Student organization LULAC offers support, resources to DACA students

Acacia Coronado

Attorney General Jeff Sessions announced the end of DACA last week, leaving students across the country frightened and uncertain about the future.

For students at Texas, the realization that friends, family or themselves might lose their ability to stay in the U.S. has student organizations such as UT League of United Latin American Citizens, LULAC, speaking up for change. 

“You can definitely feel the anxiety amongst our fellow friends who are DACA recipients and among us who aren’t but care deeply about them,” said Neil Hernandez, the organization’s president and a government senior. 

For Hernandez and many others in UT LULAC, the repeal of DACA is a personal matter. 

“Many people are not directly impacted, but these are people we go to class with, people we grew up with,” Hernandez said. 

Rey Castillo, secretary of UT LULAC and a communication and leadership sophomore, said it is unfair for DACA recipients’ efforts in the U.S. and their economic impact to go unrecognized.

“I am not a DACA recipient, but I do know people and have friends that are, and they deserve the opportunity to be here as much as I do,” Castillo said. “For someone to try to downplay that and say this program is not doing a great deal for the U.S. is a shame.”

On campus, Hernandez said there has definitely been an increase in students reaching out to his organization for support and direction to resources, such as the UT Counseling and Mental Health Center for emotional support and the University Leadership Initiative for legal inquiries.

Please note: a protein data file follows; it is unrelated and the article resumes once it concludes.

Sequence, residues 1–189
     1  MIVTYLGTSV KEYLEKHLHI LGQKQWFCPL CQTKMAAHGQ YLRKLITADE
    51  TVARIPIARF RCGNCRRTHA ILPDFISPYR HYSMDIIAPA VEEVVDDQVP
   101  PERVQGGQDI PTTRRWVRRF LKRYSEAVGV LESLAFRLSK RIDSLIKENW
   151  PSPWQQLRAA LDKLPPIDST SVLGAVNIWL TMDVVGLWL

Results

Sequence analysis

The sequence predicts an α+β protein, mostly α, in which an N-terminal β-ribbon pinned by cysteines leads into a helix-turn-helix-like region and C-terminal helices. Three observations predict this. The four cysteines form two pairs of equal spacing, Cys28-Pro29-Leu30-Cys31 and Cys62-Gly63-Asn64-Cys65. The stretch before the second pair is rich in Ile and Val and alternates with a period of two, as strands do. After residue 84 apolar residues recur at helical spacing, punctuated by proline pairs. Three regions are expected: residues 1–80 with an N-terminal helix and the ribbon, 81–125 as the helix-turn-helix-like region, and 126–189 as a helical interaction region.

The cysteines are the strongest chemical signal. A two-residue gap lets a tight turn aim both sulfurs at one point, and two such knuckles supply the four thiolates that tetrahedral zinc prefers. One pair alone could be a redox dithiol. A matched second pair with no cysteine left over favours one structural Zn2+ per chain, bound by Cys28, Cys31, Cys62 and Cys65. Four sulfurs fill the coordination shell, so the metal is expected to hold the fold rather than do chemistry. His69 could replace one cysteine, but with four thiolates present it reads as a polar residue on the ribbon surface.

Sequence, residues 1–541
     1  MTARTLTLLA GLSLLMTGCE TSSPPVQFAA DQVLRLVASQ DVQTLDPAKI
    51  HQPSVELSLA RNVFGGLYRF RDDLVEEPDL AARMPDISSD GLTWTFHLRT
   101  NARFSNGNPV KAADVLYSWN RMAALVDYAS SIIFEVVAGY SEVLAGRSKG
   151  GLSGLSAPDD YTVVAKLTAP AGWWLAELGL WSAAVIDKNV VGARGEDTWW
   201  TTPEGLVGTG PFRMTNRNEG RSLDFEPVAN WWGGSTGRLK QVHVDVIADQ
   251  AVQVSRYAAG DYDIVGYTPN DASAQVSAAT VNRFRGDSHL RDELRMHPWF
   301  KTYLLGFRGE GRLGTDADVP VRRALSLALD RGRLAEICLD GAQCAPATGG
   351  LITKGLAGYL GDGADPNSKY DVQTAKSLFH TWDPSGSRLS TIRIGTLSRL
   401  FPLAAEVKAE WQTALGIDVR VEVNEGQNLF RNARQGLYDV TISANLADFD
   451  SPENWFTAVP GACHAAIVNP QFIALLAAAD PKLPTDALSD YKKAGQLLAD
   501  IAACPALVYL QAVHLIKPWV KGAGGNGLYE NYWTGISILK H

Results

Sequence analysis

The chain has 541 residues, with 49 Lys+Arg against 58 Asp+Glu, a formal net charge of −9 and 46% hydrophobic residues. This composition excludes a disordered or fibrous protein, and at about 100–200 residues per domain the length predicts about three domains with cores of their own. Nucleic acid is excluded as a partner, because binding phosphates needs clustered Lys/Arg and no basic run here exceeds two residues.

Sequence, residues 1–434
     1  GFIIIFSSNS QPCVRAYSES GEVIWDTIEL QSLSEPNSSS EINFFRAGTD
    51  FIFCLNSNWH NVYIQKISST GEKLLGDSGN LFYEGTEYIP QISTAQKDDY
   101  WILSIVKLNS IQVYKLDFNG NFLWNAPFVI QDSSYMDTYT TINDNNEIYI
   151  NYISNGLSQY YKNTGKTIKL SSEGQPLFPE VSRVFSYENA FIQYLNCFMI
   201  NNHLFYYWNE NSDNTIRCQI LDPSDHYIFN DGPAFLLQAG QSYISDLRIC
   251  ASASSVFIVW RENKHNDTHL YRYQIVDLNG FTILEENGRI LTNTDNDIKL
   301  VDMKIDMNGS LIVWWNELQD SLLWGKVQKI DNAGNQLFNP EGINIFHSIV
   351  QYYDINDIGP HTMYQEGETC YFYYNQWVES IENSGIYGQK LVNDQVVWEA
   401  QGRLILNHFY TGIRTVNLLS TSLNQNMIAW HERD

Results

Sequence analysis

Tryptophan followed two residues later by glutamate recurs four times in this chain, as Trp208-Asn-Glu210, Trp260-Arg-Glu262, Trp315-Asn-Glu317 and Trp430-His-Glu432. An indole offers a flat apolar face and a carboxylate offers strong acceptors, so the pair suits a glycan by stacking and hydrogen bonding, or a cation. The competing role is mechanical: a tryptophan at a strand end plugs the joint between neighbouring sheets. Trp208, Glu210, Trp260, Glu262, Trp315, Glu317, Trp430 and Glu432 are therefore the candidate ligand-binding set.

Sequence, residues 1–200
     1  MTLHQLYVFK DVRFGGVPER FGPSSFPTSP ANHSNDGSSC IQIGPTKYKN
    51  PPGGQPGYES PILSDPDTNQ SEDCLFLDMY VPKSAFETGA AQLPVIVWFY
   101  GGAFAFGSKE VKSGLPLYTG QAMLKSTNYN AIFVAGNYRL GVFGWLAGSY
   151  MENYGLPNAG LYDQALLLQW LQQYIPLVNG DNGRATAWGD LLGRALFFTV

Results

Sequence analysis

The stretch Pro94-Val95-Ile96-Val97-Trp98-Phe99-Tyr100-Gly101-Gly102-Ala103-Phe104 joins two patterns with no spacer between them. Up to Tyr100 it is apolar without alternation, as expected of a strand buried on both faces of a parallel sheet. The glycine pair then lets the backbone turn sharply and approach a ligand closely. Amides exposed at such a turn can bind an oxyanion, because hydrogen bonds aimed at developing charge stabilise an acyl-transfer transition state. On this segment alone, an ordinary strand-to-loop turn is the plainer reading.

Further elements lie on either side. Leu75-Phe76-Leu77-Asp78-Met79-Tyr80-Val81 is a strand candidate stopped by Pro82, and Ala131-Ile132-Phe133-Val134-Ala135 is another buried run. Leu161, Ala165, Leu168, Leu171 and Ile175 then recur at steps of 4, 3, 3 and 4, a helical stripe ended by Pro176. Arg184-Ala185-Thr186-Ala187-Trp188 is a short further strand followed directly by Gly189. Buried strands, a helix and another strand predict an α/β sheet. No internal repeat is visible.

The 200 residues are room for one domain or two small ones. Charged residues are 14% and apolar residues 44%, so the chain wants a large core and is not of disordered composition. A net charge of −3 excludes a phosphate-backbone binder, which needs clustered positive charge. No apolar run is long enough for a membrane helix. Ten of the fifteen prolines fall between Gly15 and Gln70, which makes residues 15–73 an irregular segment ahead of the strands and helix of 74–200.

UT LULAC vice president Kristen Gonzales, a public relations and Mexican American studies senior, said such resources are especially critical for current DACA students. Her main concerns about the act’s repeal revolve around academic and economic issues, since DACA recipients depend on their permits to work and support their families.

“Amongst DACA students it has definitely affected their experience on campus and how they are here,” Gonzales said.

If there’s any silver lining to this situation, Gonzales said it’s the increased awareness of these issues and that more students and citizens nationwide are becoming involved in with immigration causes. 

“As I am hearing more about it in my classes (and) word spreads, I think it will be more of a community impact and there will be more solidarity,” Gonzales said. 

Meanwhile, Gonzales said she hopes the discussion continues to grow over the next six months as students unite in the fight for immigrant rights. 

“In the past, with decisions like this, students get really energized and active and then it begins to die down,” Gonzales said. “I hope this doesn’t come in a wave.”